I’m not making a plea for my own personal gain. My day-to-day phone is a full-sized HTC One, and while my hands sometimes get tired of stretching across the large screen, I’m not sure if I’d ever go back to a smaller handset. Still, I’ve got to believe there’s a market for smaller phones that don’t skimp on quality, and that phone makers missing the opportunity. For now, that theory remains untested.

18 comments
mamad.ashari
mamad.ashari

I want a small high end android phone, the same size as iPhone for my girlfriend and didn't find anything yet but I hope the new  Sony Xperia Z1 Compact (CES 2014) do the trick. It seems to be both small and high end and meeting my expectations.

Jessirae
Jessirae

It's a shame that the HTC One Mini is still bigger than the iPhone 5. As a fairly tiny female, with tiny pockets, a tiny phone is a must! I was entertaining the idea of switching to the Android ecosystem (I should mention that I am an app designer for a company and responsible for app design on both iOS and Android), but after comparing the HTC One Mini, the Samsung Galaxy S4 Mini and the iPhone 5, I just don't know if I, in good conscience, can downgrade to a lesser/larger piece of hardware.

shawnsBrain66
shawnsBrain66

I'd love to have a phone in the 4" range again. Easier to handle and I like to carry it in my pocket. I miss that.

EdF1958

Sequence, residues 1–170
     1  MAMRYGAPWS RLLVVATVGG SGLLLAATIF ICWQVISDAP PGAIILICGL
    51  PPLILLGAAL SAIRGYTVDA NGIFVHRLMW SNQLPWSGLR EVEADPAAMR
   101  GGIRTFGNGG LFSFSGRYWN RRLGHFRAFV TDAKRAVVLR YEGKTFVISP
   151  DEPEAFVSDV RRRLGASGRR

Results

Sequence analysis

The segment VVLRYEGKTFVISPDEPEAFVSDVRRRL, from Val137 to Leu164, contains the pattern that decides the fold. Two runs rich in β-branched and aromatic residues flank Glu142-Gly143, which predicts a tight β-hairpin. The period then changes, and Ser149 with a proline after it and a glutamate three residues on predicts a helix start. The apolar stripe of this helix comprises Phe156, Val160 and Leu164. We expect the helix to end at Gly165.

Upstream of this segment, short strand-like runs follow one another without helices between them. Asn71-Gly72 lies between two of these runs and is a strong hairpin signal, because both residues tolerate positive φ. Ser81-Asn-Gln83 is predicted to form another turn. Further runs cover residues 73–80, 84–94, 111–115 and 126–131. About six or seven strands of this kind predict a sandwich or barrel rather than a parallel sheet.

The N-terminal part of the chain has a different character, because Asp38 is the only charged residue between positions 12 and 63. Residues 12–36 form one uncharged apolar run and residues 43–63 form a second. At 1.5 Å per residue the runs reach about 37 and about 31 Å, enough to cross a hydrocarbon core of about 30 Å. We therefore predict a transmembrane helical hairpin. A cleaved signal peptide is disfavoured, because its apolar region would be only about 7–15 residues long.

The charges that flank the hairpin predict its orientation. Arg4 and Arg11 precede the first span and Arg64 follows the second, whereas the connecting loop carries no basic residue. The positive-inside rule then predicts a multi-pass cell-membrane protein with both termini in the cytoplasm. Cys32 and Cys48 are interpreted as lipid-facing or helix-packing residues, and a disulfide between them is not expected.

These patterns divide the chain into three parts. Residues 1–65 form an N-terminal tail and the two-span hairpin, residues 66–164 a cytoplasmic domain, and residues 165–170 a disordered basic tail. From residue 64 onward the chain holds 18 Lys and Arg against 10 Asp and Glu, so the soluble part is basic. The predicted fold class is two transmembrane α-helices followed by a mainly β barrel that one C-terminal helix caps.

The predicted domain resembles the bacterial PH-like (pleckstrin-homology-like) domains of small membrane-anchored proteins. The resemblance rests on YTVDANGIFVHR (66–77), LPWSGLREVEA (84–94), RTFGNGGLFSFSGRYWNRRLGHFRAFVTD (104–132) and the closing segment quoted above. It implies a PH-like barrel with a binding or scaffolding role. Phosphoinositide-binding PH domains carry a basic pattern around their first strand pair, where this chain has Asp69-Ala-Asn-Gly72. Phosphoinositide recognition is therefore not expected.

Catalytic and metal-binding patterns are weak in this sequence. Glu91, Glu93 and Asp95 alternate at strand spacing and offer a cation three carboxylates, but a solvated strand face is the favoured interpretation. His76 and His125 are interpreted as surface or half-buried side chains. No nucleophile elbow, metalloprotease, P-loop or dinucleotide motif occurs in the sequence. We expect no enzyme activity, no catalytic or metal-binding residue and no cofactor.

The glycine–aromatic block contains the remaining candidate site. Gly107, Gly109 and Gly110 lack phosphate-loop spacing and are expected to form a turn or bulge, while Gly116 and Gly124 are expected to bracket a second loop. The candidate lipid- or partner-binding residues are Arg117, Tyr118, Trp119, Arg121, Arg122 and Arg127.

EdF1958

I could not emphasize and sympathize more with that sentiment! I have small hands. I  don't care for the bigness of cars, phones, and other things... I can't wait to have a small phone in my hands with all the bells and whistles of the big dogs...

eddie864
eddie864

I have an HTC desire s coming to the end of it's contract too.  My missus has an HTC One X.  I find the screen of the Desire S at 3.7" just a little too small but find the very pretty, One X just a little too big.  I didn't fancy the One S with it's slightly smaller 4.3" screen purely because it only has 16Gb of memory (and it also has a dual core processor rather than the quad core of the One X - although this isn't an issue as the dual core seems as fast as the quad).  As you can't expand the memory via a card on the One S it was a big issue for me.  All I want is a 4" smartphone with a high res screen, a decently fast processor and at least 32Gb of memory.  It would be too much to ask for an MicroSD slot as well I suppose... Why can't they make a  smaller screen version of the top end phones with all the high end features?

oliver.philp
oliver.philp

Great article, I would say "couldn't agree more" but it seems you don't even want a smaller form factor, you just want the option to have one!

Anyway I am nearing the end of a two year contract with an HTC Desire S and I think the 3.7" is just about right, I'd be happy to go up to 4" but a 4.3" screen is already getting too big for me. It's not even as if I have small hands, I just find bigger phones make you look like you've got a canoe in your pocket and they are difficult to use one-handed.

I don't know what to get when I renew as there doesn't seem to be anything under 4.3" on the market with anywhere near decent specs, TBH I think I'll just go onto a SIM-only annual contract and halve my monthly payment - stuff 'em!

Lemons
Lemons

I sometimes find it pretty ironic how cell phones were created so that you could have a small and portable phone with you. Now the development is heading in the opposite direction and companies are constantly pushing out larger and larger phones (granted they are getting thinner, but still). I for one would much prefer a somewhat smaller form factor for a phone, this 4.3 inch screen is a good step in keeping these phones from becomes phablets.